I was at that 1979 show—it was at the Oakland Coliseum Arena, and it was a benefit for Tom Hayden’s Campaign for Economic Democracy—actually, specifically, a benefit to end “environmental cancer.” “Greatest Story Ever Told” opened the show, and it was greeted with mild pandemonium. DeadBase notes that the house lights stayed up during “Greatest Story.” At the time, and given the context of the benefit, I attributed great political significance to the line about needing a “left-hand monkey wrench.” Everything seemed politically-charged that night—“The Wheel,” with its lyric of revolution…the entire arena seeming to spin around like a giant carousel…but I digress. It also proved to be Keith and Donna Jean Godchaux’s final show with the band.

Is it worth noting that the final “Greatest Story” came during the same show as the final performance of “Bertha” (June 27, 1995, at The Palace in Auburn Hills, Michigan)? So these two songs debuted and were played for the last time at the same shows.

That line about the left-hand monkey wrench introduced me to the concept of the fool’s errand—in which a newcomer to a trade is sent off for a nonexistent tool. There are wonderful lists of these when you start looking. But what I notice now is the way in which Hunter brings the character of the Fool into the song, sideways. We have this set of biblical characters, including four heavy-hitters of ancient Judaism (Moses, Gideon, Abraham, Isaac), and it seems possible that the “fools” being addressed are Abraham and Isaac. They are, after all, sitting there on the fence, not getting much done.

No conclusion to draw, just food for idle thought.

Hunter’s lyric is, to say the least, sly. It’s slippery, and laden with little hints of wisdom. I love that he surprises us by choosing to conjoin “silver” with “bold,” rather than with “gold.” I love the line, “it’s one in ten thousand that come for the show.” I love the fact that the song’s narrator asks Moses for mercy, and gets a gun; that he asks him for water, and gets wine instead. (“We finished the bottle, then broke into mine…” shades of “We can share the women, we can share the wine.”) I’m amazed at the easy and subtle manner in which Hunter found a way to pay homage to the song’s origin by having Abraham and Isaac digging on a well.

Always a fun song in concert, the amazing snaky guitar line Garcia plays finds its way in and out amongst the words and the quirky rhythm. I’m so glad Mickey challenged his band-mates to write a song to go with the music he heard from the pump in his well. (Mickey does seem to find music wherever rhythm occurs throughout the various realms of experience!)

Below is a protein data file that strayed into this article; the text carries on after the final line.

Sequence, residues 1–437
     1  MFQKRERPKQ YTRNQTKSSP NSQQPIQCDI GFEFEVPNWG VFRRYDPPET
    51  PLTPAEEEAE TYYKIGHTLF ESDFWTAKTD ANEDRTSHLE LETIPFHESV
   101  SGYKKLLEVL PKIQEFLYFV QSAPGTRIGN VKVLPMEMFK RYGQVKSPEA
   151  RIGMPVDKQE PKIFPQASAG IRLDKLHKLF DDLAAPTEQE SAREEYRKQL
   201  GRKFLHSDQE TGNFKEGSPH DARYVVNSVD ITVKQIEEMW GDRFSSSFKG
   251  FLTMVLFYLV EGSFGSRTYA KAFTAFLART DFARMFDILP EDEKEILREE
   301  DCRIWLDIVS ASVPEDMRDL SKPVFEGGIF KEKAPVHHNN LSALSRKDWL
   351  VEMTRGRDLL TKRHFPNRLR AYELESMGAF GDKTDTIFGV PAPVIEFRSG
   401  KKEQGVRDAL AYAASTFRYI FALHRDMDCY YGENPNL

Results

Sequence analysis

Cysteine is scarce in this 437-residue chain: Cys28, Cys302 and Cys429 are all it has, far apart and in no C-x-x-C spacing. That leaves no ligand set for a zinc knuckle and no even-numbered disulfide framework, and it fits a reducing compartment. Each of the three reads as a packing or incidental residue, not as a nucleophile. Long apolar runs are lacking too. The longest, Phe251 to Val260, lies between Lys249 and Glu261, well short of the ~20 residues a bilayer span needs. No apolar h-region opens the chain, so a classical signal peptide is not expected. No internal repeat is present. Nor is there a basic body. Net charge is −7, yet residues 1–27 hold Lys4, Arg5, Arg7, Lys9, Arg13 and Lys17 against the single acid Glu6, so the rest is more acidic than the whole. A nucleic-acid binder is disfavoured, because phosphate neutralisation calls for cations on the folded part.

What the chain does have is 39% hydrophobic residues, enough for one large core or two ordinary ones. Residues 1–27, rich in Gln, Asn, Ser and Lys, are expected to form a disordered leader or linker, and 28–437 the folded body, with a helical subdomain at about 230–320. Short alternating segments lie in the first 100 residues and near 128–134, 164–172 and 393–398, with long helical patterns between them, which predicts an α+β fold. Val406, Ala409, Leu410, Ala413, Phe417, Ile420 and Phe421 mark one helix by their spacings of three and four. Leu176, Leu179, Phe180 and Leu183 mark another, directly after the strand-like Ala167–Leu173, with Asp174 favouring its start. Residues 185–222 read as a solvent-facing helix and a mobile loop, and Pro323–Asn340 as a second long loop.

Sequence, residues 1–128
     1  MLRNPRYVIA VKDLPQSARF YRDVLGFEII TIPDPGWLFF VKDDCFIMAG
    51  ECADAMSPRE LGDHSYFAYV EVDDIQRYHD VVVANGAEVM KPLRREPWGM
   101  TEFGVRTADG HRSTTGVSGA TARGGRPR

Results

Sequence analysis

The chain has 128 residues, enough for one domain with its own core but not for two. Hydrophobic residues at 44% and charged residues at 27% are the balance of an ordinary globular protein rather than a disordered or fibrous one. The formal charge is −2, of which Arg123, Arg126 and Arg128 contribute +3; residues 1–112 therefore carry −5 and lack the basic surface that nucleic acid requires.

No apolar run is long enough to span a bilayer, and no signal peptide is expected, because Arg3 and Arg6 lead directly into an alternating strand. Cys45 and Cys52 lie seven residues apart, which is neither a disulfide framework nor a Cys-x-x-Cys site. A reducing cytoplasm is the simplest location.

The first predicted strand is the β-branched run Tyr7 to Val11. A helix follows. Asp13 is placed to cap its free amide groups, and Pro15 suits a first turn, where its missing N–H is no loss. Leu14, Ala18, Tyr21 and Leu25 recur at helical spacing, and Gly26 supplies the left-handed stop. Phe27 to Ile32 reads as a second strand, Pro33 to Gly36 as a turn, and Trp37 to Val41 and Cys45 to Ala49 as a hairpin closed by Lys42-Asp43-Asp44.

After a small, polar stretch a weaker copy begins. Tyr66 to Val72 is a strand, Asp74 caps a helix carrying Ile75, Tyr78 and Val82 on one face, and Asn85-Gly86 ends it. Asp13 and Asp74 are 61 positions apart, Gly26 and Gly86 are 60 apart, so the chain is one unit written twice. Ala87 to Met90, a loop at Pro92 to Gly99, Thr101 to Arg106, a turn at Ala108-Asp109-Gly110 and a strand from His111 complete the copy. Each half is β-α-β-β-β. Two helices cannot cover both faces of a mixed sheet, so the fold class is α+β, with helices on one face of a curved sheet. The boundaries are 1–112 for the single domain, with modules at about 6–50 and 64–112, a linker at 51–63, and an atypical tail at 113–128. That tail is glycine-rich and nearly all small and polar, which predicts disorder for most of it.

So, what are your favorite stories about “Greatest Story”? “Cool clear water where you can’t ever tell…”


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Joined: Jun 16 2010
9/28/72 - St. Stephen Tease

In late September 1972 at Jersey City Jerry increasingly teased St. Stephen during the big jam of Greatest over the course of the 3 nights, with it becoming unmistakable on the 28th.

Joined: Nov 12 2007
Those first renditions of

Those first renditions of "Pump Song" back in '71 were rather unimpressive to say the least. Perhaps the Dead should have left it off the setlist until the song was whipped into shape. And I don't know whose idea it was to pair it with "Johnny B. Goode." Those songs have absolutely nothing in common.... However, the verion of "JBG" on the SKULL & ROSES double live LP actually benefitted by using the closing notes of "Pump Song" at the start.

My favorite versions of "Greatest Story" are the ones in the later 80s when Brent was there to help with keyboards and vocals. As always, he added a new dimension to the old standards.

Joined: May 19 2012
current favourite

version from 11-11-73

previous one 06-16-74, always loved this "left hand monkey wrench".

mustin321's picture
Joined: Aug 12 2011
Snakey guitar lines

I especially love the Truckin up to Buffalo version, but that is probably because its fun watching Garcia play some very odd, but somehow perfect, guitar lines...

Joined: Jan 13 2010
Always one of my favorite GD jamming songs

in the earlier renditions, Phil's thumping bass intro gives me goosebumps.

4/29/71 (and others) GSET > JBG = Greatest Goode

GD72 GSETs are awesome such as 8/27/72

Psychedelia: his brain was boilin', his reason was spent...Gideon came in with his eyes on the floor

if nothing is borrowed, nothing is lent (very Tao)